Thankfully, North American campuses haven’t found themselves in an actual war zone in living memory. (Although 57 HBCUs were subject to bomb threats last month, and a Brigham Young U student managed to blow up his dorm last week while brewing rocket fuel.) But in Ukraine, some 1.6M students were attending about 800 universities across the country as Russia began its invasion. A brand new American U Kyiv was even preparing for its grand opening, just days earlier…
Research institutions in Crimea were transferred to Russian control in 2014, and 18 Ukrainian universities have relocated out of Luhansk and Donetsk as hostilities escalated since then. Most Ukrainian researchers cut ties with Russia and turned instead to European partners, even gaining access to EU research funding. Russian occupation would threaten all of that, as well as their physical labs and homes, and would drive many researchers to leave Ukraine altogether – setting back higher education in the country significantly. Other international research partnerships could also be disrupted by the invasion, such as studies of long-term effects of radiation on wildlife in the Chernobyl exclusion zone by researchers at McMaster.
As Russian tanks began their ground offensive last week and martial law was declared, universities in eastern Ukraine calmly evacuated their personnel, computers and key documents. (Fortunately, most students were learning remotely anyway due to COVID19 outbreaks.) Times Higher Ed reports that students and faculty in Kyiv are dodging unexploded bombs on campus, and joining civil resistance groups to fight occupying troops. Most students evacuated their dorm at National U of Kyiv when an unexploded Russian bomb landed outside. Chemistry students at Kyiv Polytechnic are reportedly manufacturing Molotov cocktails. On Monday, 2 cruise missiles hit Freedom Square in Kharkiv, a city with 20 universities, damaging several campus buildings. Another trade school near Kyiv was decimated by missile strikes.
“In these difficult times, we must be aware that the enemy is trying to intimidate and make us panic. Our primary task is not to give the aggressor any chance to achieve these aims… the power of knowledge is crucial.” – Roman Grynyuk, Rector, Donetsk National University
Foreign Students Stranded
Ukraine had 76,548 international students enrolled from 155 countries, as of last count, with 20,000 from India alone. Ukraine draws particularly well for programs in medicine, pharmacy and dentistry, and 2 particularly popular universities are located in Kharkiv, just 25km from the Russian border. (On Twitter and YouTube, there have already been multiple reports about bomb damage to the Karazin National U’s school of sociology there.) Many British students wisely flew home to the UK in mid-February, “to avoid the panic,” once the UK Foreign Office advised they leave. A newly-opened Indian restaurant in Kyiv caters to thousands of students from India attending university in the nation’s capital, but now its basement serves as a makeshift bomb shelter instead. Six evacuation flights have flown Indian nationals back to Delhi. Sadly, on Mar 1 an Indian student and an Algerian student both died in Kharkiv during intense shelling. Tens of thousands of other international students are calling for help from their governments, largely in vain: “We left Iraq to escape war… but it’s the same thing in Ukraine.” Washington Post | PIE News
Already, mass evacuations of Ukraine are creating a refugee crisis in Poland, and a wave of millions may be headed toward Europe…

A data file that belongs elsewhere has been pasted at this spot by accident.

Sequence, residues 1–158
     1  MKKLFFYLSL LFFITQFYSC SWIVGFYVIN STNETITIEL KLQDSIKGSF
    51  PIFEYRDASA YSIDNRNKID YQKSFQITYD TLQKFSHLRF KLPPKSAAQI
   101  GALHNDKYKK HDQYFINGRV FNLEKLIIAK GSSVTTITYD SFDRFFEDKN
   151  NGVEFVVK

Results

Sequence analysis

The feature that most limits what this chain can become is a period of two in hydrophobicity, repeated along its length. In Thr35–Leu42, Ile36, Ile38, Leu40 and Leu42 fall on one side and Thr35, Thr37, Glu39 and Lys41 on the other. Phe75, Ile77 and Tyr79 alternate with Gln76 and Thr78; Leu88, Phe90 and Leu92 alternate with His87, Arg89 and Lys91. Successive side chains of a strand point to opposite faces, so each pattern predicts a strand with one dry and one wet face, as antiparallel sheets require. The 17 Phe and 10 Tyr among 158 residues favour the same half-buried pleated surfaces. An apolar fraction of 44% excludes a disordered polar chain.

A Deliberate Refugee Crisis
More than 1 million Ukrainian refugee women and children have flooded toward the country’s land borders with Poland, Slovakia, Hungary and Romania, where queues are stretching up to 35km. (Men of conscription age are not permitted to leave Ukraine.) European countries are reportedly “welcoming” the asylum-seekers, in stark contrast to past treatment of refugees from Afghanistan, Syria, Ethiopia and Yemen. Bulgarian PM Kiril Petkov sparked racial outrage when he explained, “These are not the refugees we are used to… these people are Europeans.” Explains one Oxford politics prof: “There’s the idea of a shared fate — ‘we could be next’ — and having a shared identity that stands against Russian imperialism.” (Even Airbnb is offering free stays of up to 14 days for 100,000 Ukrainian refugees.) Britain, however, which left the EU in part to regain control of immigration, is still reticent: a Home Office minister controversially suggested Ukrainians might seek seasonal work visas as farm labourers. SFU prof James Horncastle argues that Putin’s invasion from north, east and south is deliberately designed to drive Ukrainian refugees into Europe – leaving behind ethnic Russians who could democratically choose to embrace his “liberation.” National Post | Washington Post | The Conversation
The Guild of European Research Intensive Universities is urging political leaders to enable their institutions to welcome Ukrainian students and staff to their campuses, while the EUTOPIA European University Alliance says it is “engaged in supporting Ukrainian students and staff to the best of our abilities.” Europe’s Academic Cooperation Association in Brussels is calling on the EU for “immediate and tangible actions… to support Ukrainian scholars and students whose academic journeys and lives have and will be affected by the escalating violence,” including flexible visa and residence policies and an emergency scholarship/grant program within the framework of Erasmus+. Masaryk U in the Czech Republic is preparing for 500 refugee students, and universities from Lithuania to Australia have announced special scholarship programs. NAFSA and ACE are urging the US State Department and Homeland Security to provide flexibility and support to Ukrainian students and scholars in the US, or seeking to enter. PIE News
Sector Rallies on Twitter
On Twitter, the EUA is compiling “concrete” offers of support to Ukrainian higher ed and research, including lab opportunities and fast-track refugee programs in Germany, offers to host African students in France, free accommodation and €6M in support from the Czech Republic, and more. Science for Ukraine is likewise compiling offers of accommodation, funding, lab and office space for displaced academics. (I would also add my voice to that of Alex Usher, who has been urging CdnPSE to eliminate differential fees for Ukrainians for the duration of the conflict.)